Unnecessary MRI (magnetic resonance imaging) testing and resultant surgeries are driving up the cost of health care in the United States.
While personalized patient care and physician reimbursements are plummeting, health insurance coverage continues to soar. The cost of radiology, which is expected to keep growing at an annual rate of 20% or higher, is now outpacing the cost of prescription drugs for the first time. At a projected $100 billion annually, diagnostic imaging is one of the fastest growing concern areas in our health care.
Data from IMV Medical Information Division - an Illinois market-research company - strongly suggests that efficient radiology benefit management could cut America's imaging expenditures by $20 billion to $30 billion annually. They concede that about 1/3 of advanced imaging tests are either inappropriate or don't contribute to a physician's diagnosis or ultimate health outcomes.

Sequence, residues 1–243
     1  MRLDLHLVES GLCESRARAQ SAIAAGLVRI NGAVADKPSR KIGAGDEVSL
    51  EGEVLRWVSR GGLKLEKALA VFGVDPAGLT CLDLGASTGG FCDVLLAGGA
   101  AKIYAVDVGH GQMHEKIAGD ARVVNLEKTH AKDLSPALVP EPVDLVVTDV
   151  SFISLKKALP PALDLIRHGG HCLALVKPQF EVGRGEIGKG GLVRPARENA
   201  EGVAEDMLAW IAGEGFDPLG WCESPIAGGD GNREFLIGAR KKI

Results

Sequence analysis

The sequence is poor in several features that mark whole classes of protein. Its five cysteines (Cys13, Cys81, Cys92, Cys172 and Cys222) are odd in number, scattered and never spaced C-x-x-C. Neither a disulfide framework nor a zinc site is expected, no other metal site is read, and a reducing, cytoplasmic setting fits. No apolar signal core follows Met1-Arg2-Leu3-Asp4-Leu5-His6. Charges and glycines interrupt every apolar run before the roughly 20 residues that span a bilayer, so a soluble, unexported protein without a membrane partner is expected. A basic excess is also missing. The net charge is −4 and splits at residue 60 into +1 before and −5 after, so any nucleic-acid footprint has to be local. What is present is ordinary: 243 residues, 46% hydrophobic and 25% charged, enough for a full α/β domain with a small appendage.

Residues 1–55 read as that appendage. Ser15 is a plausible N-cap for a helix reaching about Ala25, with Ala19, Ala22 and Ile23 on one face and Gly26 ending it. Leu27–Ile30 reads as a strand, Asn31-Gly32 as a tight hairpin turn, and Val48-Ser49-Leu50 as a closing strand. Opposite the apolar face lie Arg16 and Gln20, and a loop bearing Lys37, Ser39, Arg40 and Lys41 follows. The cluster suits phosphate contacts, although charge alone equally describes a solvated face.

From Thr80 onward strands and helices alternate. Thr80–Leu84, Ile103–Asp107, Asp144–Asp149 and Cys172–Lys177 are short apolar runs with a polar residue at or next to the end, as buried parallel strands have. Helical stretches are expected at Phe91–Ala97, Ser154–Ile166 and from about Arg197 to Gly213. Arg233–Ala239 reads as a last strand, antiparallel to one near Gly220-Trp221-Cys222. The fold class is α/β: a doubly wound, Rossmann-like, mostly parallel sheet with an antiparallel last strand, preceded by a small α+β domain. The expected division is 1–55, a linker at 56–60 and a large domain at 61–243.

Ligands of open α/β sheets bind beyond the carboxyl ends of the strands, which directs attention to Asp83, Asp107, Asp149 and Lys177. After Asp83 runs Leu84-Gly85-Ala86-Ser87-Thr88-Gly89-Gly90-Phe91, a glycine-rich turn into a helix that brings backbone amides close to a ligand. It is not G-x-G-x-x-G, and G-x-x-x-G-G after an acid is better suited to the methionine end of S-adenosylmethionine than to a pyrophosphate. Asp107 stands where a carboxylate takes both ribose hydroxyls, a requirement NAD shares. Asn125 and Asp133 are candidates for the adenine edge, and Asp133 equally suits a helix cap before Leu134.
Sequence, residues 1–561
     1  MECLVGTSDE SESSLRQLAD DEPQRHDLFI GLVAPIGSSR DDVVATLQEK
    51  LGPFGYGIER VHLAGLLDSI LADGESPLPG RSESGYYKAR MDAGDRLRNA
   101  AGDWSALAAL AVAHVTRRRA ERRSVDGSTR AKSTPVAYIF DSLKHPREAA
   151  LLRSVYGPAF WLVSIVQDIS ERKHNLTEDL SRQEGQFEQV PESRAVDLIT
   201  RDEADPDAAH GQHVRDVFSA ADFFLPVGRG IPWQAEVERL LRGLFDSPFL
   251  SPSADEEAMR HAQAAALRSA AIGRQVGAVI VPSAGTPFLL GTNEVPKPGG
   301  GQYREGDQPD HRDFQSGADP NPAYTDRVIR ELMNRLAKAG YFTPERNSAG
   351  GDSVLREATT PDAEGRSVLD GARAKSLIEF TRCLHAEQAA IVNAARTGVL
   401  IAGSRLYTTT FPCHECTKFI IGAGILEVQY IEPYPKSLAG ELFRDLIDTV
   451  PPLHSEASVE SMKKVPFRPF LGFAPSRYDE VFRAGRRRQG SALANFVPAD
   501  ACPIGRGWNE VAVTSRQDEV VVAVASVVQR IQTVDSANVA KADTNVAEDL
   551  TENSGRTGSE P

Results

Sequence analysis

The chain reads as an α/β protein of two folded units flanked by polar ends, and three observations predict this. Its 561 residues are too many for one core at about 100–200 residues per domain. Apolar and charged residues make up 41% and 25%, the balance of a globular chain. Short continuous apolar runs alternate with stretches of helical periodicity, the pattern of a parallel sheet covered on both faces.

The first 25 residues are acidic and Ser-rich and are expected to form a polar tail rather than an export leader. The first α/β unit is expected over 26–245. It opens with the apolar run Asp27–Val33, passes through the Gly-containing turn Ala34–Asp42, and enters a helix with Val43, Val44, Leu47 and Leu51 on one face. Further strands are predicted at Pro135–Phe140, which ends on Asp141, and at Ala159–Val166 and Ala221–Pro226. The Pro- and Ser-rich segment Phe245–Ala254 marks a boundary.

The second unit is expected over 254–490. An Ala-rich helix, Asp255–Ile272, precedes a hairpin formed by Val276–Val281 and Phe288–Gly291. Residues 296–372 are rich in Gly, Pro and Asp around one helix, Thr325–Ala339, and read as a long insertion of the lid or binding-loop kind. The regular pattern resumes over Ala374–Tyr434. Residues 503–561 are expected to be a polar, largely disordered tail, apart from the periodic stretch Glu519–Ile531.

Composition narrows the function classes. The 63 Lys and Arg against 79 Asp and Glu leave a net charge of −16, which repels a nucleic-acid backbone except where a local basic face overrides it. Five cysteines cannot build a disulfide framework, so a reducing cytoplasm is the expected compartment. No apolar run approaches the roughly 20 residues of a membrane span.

Treat Patients, Not Tests
Unfortunately, less emphasis is being placed on patient history and physical exams. Taking the time to really listen to a patient is becoming a lost art. Too often patients, not making the connection between the proliferation of technology and rising health care and insurance costs, feel shortchanged if no MRI is prescribed. The reality is that MRIs, which can run between $500 and $1500 a scan, depending on circumstances, inflate our insurance premiums, and the insurance companies' ability to pay for other tests and treatments.
What is the answer? - Education! The key to improving health care while holding down prices is twofold: encouraging consumers to be more involved in decisions regarding their own care, and reminding doctors to combine cutting-edge technology with old-fashioned, personalized service.